## What is an eigenvector?

The eigenvectors of a matrix summarise what it does.

1. Think about a large, not-sparse matrix. A lot of computations are implied in that block of numbers. Some of those computations might overlap each other—2 steps forward, 1 step back, 3 steps left, 4 steps right … that kind of thing, but in 400 dimensions. The eigenvectors aim at the end result of it all.

2. The eigenvectors point in the same direction before & after a linear transformation is applied. (& they are the only vectors that do so)

For example, consider a shear $\dpi{120} \bg_white \begin{bmatrix} 1 & ^3 \! / \! _{11} \\ 0 & 1 \end{bmatrix}$ repeatedly applied to ℝ².

In the above,   and $\dpi{100} \bg_white \mathbf{eig}_2 = \mathbf{eig}_1$. (The red arrow is not an eigenvector because it shifted over.)

3. The eigenvalues say how their eigenvectors scale during the transformation, and if they turn around.

If λᵢ = 1.3 then |eig| grows by 30%.
If λᵢ = −2 then  doubles in length and points backwards. If λᵢ = 1 then |eig| stays the same. And so on. Above, λ₁ = 1 since  stayed the same length.

It’s nice to add that $\normal \dpi{120} \bg_white \prod_i \lambda_i = \det \left| \text{matrix} \right|$ and $\normal \dpi{120} \bg_white \sum_i \lambda_i = \rm{trace} \left( \text{matrix} \right)$.

For a long time I wrongly thought an eigenvector was, like, its own thing. But it’s not. Eigenvectors are a way of talking about a (linear) transform / operator. So eigenvectors are always the eigenvectors of some transform. Not their own thing.

Put another way: eigenvectors and eigenvalues are a short, universally comparable way of summarising a square matrix. Looking at just the eigenvalues (the spectrum) tells you more relevant detail about the matrix, faster, than trying to understand the entire block-of-numbers and how the parts of the block interrelate. Looking at the eigenvectors tells you where repeated applications of the transform will “leak” (if they leak at all).

To recap: eigenvectors are unaffected by the matrix transform; they simplify the matrix transform; and the λ’s tell you how much the |eig|’s change under the transform.

Now a payoff.

### Dynamical Systems make sense now.

If repeated applications of a matrix = a dynamical system, then the eigenvalues explain the system’s long-term behaviour.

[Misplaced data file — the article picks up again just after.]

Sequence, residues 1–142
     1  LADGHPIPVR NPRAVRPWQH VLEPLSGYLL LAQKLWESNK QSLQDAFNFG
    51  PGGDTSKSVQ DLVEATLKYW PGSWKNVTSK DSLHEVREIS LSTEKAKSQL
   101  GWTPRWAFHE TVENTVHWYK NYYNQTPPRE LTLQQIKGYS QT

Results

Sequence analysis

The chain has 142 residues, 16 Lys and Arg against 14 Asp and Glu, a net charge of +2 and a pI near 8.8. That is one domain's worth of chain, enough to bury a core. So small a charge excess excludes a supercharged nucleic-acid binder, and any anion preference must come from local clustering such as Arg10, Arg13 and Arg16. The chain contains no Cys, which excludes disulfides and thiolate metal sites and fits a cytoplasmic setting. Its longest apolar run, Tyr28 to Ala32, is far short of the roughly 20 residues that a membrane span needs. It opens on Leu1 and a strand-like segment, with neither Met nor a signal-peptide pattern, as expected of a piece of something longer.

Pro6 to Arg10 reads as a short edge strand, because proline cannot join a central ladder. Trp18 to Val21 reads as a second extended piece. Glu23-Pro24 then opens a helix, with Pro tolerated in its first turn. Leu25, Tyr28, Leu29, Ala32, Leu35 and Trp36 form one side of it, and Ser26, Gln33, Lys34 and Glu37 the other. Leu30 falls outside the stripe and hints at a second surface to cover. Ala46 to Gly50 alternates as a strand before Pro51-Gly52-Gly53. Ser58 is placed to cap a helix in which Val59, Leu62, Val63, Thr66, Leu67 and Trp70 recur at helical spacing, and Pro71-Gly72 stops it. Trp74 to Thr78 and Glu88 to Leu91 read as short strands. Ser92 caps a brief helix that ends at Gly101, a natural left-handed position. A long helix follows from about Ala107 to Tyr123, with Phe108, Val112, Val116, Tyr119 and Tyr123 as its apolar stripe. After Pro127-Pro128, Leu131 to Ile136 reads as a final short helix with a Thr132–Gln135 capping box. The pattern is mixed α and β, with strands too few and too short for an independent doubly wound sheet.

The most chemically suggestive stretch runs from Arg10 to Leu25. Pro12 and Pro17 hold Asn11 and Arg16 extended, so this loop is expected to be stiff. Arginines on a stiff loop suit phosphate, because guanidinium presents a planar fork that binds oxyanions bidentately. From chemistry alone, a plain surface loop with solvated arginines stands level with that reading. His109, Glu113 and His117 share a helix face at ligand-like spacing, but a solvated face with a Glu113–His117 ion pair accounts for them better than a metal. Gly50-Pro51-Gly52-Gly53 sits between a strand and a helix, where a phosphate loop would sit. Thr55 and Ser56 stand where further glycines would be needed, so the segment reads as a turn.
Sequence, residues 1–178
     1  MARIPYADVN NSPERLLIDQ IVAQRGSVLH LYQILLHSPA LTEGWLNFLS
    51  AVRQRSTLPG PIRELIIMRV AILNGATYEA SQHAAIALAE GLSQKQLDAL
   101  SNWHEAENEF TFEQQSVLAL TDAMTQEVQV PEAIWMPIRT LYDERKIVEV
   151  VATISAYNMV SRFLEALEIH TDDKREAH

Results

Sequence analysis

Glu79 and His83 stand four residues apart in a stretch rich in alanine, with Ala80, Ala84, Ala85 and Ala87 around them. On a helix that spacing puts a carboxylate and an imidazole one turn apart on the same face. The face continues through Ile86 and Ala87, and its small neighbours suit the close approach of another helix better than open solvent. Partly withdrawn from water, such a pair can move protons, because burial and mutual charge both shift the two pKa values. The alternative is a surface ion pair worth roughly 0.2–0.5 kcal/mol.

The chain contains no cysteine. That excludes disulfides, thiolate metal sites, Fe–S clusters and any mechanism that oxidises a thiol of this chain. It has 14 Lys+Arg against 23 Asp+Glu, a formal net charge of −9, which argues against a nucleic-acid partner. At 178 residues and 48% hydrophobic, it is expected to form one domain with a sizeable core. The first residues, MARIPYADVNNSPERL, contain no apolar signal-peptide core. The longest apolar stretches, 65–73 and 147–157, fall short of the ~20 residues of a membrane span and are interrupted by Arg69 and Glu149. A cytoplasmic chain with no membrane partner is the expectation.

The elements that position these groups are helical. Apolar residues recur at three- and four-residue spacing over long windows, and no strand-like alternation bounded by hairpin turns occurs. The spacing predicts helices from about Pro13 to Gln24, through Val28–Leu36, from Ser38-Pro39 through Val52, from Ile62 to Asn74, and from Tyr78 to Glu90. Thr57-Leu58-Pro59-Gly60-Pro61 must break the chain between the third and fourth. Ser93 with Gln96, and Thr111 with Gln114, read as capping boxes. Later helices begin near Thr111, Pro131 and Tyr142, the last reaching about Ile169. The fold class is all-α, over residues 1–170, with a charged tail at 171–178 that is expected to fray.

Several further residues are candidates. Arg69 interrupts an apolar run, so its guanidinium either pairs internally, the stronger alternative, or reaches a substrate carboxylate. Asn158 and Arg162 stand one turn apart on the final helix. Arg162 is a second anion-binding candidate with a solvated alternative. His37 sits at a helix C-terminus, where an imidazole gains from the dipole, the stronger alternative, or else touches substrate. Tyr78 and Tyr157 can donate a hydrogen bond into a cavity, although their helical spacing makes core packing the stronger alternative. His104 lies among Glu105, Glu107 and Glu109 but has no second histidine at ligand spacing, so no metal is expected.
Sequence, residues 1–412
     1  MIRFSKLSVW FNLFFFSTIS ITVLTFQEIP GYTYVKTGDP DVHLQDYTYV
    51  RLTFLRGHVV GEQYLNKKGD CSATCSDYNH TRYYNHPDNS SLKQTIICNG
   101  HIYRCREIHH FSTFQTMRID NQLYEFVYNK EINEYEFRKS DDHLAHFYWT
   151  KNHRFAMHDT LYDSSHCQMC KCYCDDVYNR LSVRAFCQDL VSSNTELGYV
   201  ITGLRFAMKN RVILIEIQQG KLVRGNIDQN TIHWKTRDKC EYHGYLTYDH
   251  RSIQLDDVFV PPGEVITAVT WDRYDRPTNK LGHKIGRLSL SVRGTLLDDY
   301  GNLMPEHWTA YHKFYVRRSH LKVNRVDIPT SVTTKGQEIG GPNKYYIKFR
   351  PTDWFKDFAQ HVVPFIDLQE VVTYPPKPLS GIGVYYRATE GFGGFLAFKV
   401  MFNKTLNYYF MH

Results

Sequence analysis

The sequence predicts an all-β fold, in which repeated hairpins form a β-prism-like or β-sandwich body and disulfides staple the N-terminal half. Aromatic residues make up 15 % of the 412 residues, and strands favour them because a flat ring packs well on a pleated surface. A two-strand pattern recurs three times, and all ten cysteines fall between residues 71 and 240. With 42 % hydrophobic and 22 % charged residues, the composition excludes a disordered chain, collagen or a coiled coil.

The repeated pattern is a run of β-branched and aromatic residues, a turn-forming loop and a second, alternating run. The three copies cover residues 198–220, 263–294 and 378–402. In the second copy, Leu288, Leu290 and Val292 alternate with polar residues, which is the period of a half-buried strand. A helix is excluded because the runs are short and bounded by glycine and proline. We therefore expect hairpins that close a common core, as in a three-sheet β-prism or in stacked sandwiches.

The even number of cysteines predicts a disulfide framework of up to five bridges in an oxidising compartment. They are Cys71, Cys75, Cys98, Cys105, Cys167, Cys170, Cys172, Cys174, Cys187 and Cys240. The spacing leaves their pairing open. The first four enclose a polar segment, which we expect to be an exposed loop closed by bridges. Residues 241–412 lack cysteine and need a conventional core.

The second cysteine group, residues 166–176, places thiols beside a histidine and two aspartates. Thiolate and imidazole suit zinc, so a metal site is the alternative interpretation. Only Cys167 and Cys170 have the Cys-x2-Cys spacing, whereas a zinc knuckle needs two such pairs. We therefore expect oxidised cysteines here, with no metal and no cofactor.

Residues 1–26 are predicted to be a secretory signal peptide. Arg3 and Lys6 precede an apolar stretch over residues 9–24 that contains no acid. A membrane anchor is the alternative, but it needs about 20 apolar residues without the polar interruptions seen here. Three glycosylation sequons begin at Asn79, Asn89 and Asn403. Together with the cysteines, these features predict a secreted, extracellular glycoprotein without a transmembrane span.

I.e., they tell you whether and how the system stabilises, or … doesn’t stabilise.

Dynamical systems model interrelated systems like ecosystems, human relationships, or weather. They also unravel mutual causation.

### What else can I do with eigenvectors?

• helicopter stability
• quantum particles (the Von Neumann formalism)
• guided missiles
• PageRank 1 2
• the fibonacci sequence
• eigenfaces
• graph theory
• mathematical models of love
• electrical circuits
• JPEG compression 1 2
• markov processes
• operators & spectra
• weather
• fluid dynamics
• systems of ODE’s … well, they’re just continuous-time dynamical systems
• principal components analysis in statistics
• for example principal components (eigenvalues after varimax rotation of the correlation matrix) were used to try to identify the dimensions of brand personality

Plus, maybe you will have a cool idea or see something in your life differently if you understand eigenvectors intuitively.

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The eigenvectors of a matrix summarise what it does. Think about a large, not-sparse matrix. A lot of computations are...
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mind = blown. so that’s why these things are important (outside of rootfinding problems).
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I’m meant to know this :/
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I…don’t really understand this, but I’d like to learn :D (Wikipedia, your explanation is quite complex)
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